What did I do to deserve such a supportive collection of family and friends? Instead of brainstorming ways to show the same kindness to others (I do do that, and will do that more), I just want to express my deep gratitude to God right now.

Sunday, December 14, 2008

Chapter 8e: Could anything be harder? (final)

That night I lay on my mattress in the living room trying to be as quiet as possible. Rashad had school early in the morning and I didn't want to disturb his rest, but I could hardly keep still as I processed and reprocessed the conversation with the landlord. What had he been thinking? How had I given him the impression that this was something I'd do? Maybe it didn't have anything to do with me at all, I came to thinking. Maybe it was all about him wanting his money and seeing a business opportunity. For I couldn't bother to doubt that, besides our rent, he'd be getting a little extra on the side for pimping my sisters to this woman, whoever she was. I knew that Iraqis don't have the best reputation in Syria, and of course being Christian - could I expect any less of a Muslim?

I was so irritated I couldn't hardly believe it. But after an hour or two of lying there, shivering under my blanket and finding it hard to get sleepy at all, I moved on in my thinking. Since we would not be getting a rent reduction, we had to do something else. We'd have to move out by the end of the week, I supposed. The one good thing about the Landlord's sleazy offer was that it bought us a few days, I mused. So where would we go? How would we find a place that was cheaper? What neighbourhood? Who would we live with until we found a place?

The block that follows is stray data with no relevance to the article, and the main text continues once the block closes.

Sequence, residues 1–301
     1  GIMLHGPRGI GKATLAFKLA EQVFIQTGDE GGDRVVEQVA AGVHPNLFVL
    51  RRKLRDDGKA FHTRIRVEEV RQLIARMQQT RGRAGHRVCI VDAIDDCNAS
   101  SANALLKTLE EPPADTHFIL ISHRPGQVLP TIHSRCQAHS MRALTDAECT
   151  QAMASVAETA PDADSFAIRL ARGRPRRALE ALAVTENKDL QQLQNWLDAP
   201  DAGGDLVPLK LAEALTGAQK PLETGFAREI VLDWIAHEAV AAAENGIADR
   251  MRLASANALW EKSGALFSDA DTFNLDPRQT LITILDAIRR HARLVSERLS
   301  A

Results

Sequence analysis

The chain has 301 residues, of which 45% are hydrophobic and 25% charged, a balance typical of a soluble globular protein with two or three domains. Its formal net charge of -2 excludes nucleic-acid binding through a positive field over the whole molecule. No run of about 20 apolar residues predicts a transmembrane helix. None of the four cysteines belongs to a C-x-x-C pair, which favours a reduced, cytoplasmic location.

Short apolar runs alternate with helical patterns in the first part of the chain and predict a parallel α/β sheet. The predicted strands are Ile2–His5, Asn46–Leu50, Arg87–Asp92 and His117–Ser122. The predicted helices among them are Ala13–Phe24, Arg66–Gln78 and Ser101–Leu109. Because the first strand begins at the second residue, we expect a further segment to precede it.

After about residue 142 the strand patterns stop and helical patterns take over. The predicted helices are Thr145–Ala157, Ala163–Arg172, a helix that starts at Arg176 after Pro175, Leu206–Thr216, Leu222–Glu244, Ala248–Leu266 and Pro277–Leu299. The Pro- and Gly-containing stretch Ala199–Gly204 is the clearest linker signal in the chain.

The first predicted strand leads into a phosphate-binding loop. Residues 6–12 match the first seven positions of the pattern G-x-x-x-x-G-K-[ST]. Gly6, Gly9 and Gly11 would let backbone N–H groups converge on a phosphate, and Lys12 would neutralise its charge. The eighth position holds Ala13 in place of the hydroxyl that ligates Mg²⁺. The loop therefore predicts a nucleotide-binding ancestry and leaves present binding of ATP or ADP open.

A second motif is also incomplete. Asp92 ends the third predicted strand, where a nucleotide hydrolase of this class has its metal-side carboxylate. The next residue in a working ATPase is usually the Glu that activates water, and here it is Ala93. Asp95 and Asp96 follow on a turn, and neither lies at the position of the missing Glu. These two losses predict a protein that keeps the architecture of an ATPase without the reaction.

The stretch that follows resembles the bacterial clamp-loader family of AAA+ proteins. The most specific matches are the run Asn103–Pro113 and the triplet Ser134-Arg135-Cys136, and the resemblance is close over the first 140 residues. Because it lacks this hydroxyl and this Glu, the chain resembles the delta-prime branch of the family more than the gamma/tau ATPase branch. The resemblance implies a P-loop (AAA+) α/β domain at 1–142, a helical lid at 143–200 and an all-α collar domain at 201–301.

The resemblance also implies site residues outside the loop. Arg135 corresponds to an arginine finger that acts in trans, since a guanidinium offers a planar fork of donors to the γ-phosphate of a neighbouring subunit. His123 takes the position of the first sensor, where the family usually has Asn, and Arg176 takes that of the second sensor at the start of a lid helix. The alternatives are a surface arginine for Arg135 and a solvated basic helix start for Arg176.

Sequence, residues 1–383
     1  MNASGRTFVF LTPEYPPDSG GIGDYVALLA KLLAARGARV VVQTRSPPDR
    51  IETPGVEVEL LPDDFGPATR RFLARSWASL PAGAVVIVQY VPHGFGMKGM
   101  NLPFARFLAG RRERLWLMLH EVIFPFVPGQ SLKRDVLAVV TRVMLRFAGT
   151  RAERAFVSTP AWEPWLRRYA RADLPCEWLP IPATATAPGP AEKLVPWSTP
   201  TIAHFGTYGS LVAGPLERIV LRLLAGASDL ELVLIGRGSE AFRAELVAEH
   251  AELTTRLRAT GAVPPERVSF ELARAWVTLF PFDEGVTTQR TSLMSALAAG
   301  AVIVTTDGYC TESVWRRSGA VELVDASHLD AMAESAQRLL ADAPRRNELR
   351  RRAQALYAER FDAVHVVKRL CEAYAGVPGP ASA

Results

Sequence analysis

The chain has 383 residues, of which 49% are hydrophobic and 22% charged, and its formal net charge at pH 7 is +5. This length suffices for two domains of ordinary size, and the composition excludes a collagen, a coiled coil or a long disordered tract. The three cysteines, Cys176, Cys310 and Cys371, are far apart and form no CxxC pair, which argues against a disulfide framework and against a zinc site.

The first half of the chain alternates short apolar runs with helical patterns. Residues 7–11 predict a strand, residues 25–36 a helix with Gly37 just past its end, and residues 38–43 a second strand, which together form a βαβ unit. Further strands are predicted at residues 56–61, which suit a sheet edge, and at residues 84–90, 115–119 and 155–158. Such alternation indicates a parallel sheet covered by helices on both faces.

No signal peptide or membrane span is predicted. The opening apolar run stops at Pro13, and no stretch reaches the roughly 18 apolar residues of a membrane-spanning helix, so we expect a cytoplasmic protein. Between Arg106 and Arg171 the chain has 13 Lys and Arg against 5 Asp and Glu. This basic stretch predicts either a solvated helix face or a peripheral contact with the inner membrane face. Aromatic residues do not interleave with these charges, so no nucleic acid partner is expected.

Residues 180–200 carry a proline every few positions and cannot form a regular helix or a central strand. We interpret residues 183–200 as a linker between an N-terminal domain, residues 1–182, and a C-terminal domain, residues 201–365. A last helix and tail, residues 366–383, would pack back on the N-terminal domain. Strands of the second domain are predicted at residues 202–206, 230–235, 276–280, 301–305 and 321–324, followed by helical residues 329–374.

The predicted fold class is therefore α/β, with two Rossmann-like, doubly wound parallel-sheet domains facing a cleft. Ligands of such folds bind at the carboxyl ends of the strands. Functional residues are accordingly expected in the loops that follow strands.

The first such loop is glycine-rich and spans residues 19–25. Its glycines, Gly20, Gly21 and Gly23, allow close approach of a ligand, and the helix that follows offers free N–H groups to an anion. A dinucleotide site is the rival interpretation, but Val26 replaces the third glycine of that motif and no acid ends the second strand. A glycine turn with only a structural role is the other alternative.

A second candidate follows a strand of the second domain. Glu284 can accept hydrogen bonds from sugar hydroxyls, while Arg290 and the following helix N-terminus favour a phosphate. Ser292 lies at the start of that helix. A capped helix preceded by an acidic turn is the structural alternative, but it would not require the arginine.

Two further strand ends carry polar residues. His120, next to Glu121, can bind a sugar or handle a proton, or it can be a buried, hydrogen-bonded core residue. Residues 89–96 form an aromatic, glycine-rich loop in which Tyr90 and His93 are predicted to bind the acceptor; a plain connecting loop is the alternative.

These thoughts rolled around in my bed until they rolled so gently that I finally rocked off the sleep, with the dim resolution that I'd go apartment-hunting in the morning. I'd find something, then announce to the family that we were moving and I would already have an address ready for them.

The next day, I called my boss and asked for the morning off. He's a good man, truly sympathetic to our plight, I think. He understood and said to come in when I could and not a moment earlier. So I began house-hunting.

It was possibly one of the most frustrating mornings of my life: Nothing clean. Nothing warm. Nothing spacious. Nothing at all cheaper than what we already had!

I was so dejected I never made it in to work. I went straight home and kissed Mama on the cheek. Then I pulled her into the kitchen and explained the situation. Her mouth opened a bit, then her jaw dropped down a bit, then her eyes widened a bit, then her body seemed to tense up a bit more. When I told her what the landlord had said, she shook her head.

"Of course we can't do that," I quickly added. "But, Mama... I don't know what else to do."

She just looked at me and said, "We will sleep on your streets. Just keep your sisters out of it."

"Mama. I love my sisters. They are my blood and my family. But what do I do if they are the only ones who can save our family?"